Russian activist Boris Kagarlitsky among those arrested in latest wave of repression
Russian sociologist Boris Kagarlitsky is among those arrested in the latest wave of repression against opponents of the Putin government.

Over 20,000 anti-war opponents have been subject to a wide range of reprisals by Russian authorities to silence all public dissent against the invasion of Ukraine. Amnesty International, which has been tracking the repression, compiled the figure in a recent report.

Meanwhile, a team of experts convened by the United Nations High Commissioner for Human Rights estimates authorities have arrested 27,000 Russians for protesting against the war, “posting fake news,” or violating a new law against “criticizing” the military.

The UN expressed alarm over a Russian Constitutional Court rejecting challenges to the law that “criminalizes all public actions aimed at discrediting” the Russian Armed Forces, including calling the invasion a “war” and reporting on Russian war crimes in Ukraine, including the complete destruction of cities, housing, and energy infrastructure; bombing and execution of civilians; and torture, rape, and abduction of children. The latter charge has already earned Russian President Vladimir Putin an arrest warrant from the International Criminal Court.

“The decision to deny constitutional protection of the right to freedom of expression constitutes a new low in Russia’s clampdown on the freedom of expression and the free flow of information,” the UN experts said. The Russian parliament passed the law, which carries a ten-year sentence, shortly after the invasion last year.

According to Amnesty International, Russian authorities are using a wide range of tactics to harass, intimidate, and pressure opponents of the invasion. Reprisals include imprisonment without fair trials, use of fake evidence, torture, fines, job dismissals, cancellation of concerts of performers, and charges of being “foreign agents.” Authorities have arrested over 500 people in connection with the wartime censorship law so far.

One of those jailed is well-known Marxist academic, author, and political scientist Boris Kagarlitsky, an outspoken critic of Putin’s autocratic regime. Kagarlitsky was charged on July 25 with “justifying terrorism” after posting a social media analysis of the Ukrainian military strike against the Kerch Strait Bridge.

The bridge connects the Russian mainland with the Crimean peninsula, which is still recognized as part of Ukraine by most countries and international bodies. Under the principles of the UN Charter, Russia has illegally occupied Crimea since 2014. Ironically, Kagarlitsky supported Russia’s annexation of Crimea as well as independence for the Donetsk and Luhansk regions of eastern Ukraine, but even this wasn’t enough for authorities.

“Kagarlitsky may have once supported sections of the Russian patriotic left who yearn for territorial expansion,” said Andriy Movchan, a Ukrainian left activist. “But no other well-known leftist has done more to instill into thousands of Russians a simple thought: The Putin regime is criminal, the invasion of Ukraine is criminal, there is no justification for it, and it must be resisted.”

An international campaign is seeking Kagarlitsky’s release. Supporters of an online petition include Nadya Tolokonnikova, member of the punk band Pussy Riot; Bill Fletcher, Jr., U.S. labor, peace, and justice activist; Kavita Krishnan, secretary of the All-India Progressive Women’s Association; Jeremy Corbyn, former leader of the British Labour Party; Tariq Ali, journalist and historian; and Russian Marxist sociologist and anti-war activist Grigory Yudin. The Nation and Jacobin magazines have editorialized for Kagarlitsky’s release.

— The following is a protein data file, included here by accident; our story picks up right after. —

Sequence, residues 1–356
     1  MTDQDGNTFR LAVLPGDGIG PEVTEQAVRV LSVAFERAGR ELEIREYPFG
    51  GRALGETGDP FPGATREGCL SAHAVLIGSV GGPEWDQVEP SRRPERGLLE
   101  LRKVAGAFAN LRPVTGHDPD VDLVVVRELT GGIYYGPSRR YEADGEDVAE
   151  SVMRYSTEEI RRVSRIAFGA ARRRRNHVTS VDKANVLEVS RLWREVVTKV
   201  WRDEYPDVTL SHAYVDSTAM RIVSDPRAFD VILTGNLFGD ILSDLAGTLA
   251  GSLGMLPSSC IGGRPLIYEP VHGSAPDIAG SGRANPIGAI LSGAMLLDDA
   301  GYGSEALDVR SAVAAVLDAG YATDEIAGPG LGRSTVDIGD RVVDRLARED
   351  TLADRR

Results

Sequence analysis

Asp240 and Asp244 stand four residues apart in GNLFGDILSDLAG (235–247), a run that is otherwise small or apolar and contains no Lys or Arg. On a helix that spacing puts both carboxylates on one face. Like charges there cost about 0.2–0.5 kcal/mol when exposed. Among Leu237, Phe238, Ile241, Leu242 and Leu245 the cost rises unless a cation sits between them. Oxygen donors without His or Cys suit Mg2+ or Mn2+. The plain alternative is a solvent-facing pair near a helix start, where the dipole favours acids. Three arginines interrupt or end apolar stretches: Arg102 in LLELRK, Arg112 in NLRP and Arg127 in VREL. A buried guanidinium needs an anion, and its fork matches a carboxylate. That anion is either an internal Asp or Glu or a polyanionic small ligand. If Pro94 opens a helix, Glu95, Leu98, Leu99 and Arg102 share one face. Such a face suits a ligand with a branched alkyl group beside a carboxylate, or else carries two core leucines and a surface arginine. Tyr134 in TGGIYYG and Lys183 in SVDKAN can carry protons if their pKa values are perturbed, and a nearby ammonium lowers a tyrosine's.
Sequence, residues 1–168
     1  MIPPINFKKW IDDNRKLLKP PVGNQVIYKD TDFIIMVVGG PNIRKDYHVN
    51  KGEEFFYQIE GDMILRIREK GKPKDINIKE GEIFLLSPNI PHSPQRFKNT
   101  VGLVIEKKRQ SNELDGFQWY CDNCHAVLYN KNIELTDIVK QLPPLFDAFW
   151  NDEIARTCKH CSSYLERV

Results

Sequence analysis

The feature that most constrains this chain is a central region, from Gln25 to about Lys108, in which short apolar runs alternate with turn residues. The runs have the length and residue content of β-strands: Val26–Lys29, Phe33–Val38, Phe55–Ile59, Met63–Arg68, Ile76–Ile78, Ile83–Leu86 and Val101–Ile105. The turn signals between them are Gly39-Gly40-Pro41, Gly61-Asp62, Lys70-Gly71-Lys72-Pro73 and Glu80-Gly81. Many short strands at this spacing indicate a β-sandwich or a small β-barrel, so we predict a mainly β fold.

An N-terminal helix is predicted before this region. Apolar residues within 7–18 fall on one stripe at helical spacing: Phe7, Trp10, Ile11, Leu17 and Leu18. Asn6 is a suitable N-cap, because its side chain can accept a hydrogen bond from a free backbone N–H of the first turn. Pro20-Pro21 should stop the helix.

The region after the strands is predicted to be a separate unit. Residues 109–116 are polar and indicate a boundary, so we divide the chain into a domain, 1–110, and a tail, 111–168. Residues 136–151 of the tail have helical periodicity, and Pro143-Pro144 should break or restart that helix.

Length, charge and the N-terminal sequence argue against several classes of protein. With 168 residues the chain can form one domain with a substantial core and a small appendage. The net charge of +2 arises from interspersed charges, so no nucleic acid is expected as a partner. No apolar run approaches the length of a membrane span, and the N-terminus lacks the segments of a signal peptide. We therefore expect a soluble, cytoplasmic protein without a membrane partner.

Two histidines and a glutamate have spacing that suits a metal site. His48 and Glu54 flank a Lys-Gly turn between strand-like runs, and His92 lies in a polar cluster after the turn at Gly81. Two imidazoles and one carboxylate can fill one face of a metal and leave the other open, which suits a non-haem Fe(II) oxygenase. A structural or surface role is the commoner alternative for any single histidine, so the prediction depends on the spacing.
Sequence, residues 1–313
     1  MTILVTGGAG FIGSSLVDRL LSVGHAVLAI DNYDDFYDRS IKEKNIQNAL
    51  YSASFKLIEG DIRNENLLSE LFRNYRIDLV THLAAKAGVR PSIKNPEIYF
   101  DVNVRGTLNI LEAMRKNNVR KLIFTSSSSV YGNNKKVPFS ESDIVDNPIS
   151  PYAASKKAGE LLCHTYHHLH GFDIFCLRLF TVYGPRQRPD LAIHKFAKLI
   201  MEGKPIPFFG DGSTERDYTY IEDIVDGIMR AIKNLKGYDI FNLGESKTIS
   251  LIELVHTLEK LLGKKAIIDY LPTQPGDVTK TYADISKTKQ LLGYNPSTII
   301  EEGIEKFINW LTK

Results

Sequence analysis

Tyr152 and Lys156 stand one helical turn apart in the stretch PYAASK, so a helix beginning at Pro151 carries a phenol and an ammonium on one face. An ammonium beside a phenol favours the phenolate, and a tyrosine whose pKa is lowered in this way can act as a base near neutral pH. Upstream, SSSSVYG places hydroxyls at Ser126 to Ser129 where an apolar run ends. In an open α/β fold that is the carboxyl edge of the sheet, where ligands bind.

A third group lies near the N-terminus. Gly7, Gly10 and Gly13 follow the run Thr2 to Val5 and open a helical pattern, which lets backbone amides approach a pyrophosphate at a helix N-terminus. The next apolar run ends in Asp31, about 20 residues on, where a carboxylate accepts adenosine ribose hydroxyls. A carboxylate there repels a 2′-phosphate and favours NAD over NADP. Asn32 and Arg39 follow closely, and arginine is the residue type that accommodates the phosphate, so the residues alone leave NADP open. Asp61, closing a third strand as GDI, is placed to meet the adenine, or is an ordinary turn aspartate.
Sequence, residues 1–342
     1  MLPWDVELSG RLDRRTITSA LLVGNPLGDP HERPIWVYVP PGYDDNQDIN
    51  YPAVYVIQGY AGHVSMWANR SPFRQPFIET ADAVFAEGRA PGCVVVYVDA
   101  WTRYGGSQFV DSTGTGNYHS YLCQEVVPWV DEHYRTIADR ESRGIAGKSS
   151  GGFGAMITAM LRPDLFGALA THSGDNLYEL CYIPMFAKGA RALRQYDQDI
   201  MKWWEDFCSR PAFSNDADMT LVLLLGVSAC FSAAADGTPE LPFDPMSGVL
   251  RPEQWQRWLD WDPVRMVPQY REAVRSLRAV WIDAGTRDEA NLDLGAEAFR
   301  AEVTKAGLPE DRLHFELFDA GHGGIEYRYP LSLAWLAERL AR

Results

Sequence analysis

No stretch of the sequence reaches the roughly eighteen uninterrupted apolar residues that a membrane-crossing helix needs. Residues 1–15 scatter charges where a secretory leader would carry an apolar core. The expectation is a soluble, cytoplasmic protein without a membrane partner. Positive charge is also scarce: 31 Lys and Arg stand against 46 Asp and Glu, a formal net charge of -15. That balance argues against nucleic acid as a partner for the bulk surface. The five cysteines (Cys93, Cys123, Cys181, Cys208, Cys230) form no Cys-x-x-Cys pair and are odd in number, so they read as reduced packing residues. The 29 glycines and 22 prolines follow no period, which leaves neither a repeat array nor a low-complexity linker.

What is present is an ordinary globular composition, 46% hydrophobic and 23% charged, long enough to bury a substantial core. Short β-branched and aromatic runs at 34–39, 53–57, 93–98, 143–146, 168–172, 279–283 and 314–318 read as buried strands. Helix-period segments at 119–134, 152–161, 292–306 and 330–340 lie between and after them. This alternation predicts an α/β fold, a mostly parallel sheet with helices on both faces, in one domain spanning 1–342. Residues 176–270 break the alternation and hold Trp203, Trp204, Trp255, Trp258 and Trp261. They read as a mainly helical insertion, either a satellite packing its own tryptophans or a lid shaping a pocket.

Kagarlitsky, who led the Institute of Globalization and Social Movements, is one of many Russian leftists and progressives who view the primary reason for the war, in addition to Russian imperial expansion and elimination of Ukraine as an independent state, as an effort to provoke patriotic enthusiasm to reverse Putin’s dropping popularity in response to an accelerating social crisis and disastrous governmental policies, especially a 2018 pension reform.

“Yes, there is a problem with Western military expansion, with the policies of the U.S. and Europe, with how the EU handles the Ukrainian crisis,” said Kagarlitsky. “But it explains little,” he wrote, referring to NATO expansion and the provision of weapons to the Ukrainian government. These problems, Kagarlitsky has argued, “existed for years and years, and the Russian government did nothing. Nor did they do anything about the violence in Donetsk and Luhansk regions. What changed? Nothing. It was very much the domestic reasons for the invasion.”

Kagarlitsky has spoken out at significant personal risk but chose not to leave the country. Authorities are detaining him in Syktyvkar, about 1,000 kilometers (600 miles) north of Moscow, where he is awaiting trial. He faces a seven-year sentence if convicted.

“To my Western colleagues, who, after more than a year since the beginning of the war, continue to call for an understanding of Putin and his regime, I would like to ask a very simple question,” wrote Kagarlitsky in Russian Dissent.

“Do you want to live in a country where there is no free press or independent courts? In a country where the police have the right to break into your house without a warrant? In a country where museum buildings and collections formed over decades are handed over to churches, heedless of the threat of losing unique artifacts? In a country where schools drift away from the study of science and plan to abolish the teaching of foreign languages, but conduct ‘lessons about the important,’ during which children are taught to write denunciations and hate all other peoples? In a country which every day broadcasts appeals on TV to destroy Paris, London, and Warsaw with a nuclear strike?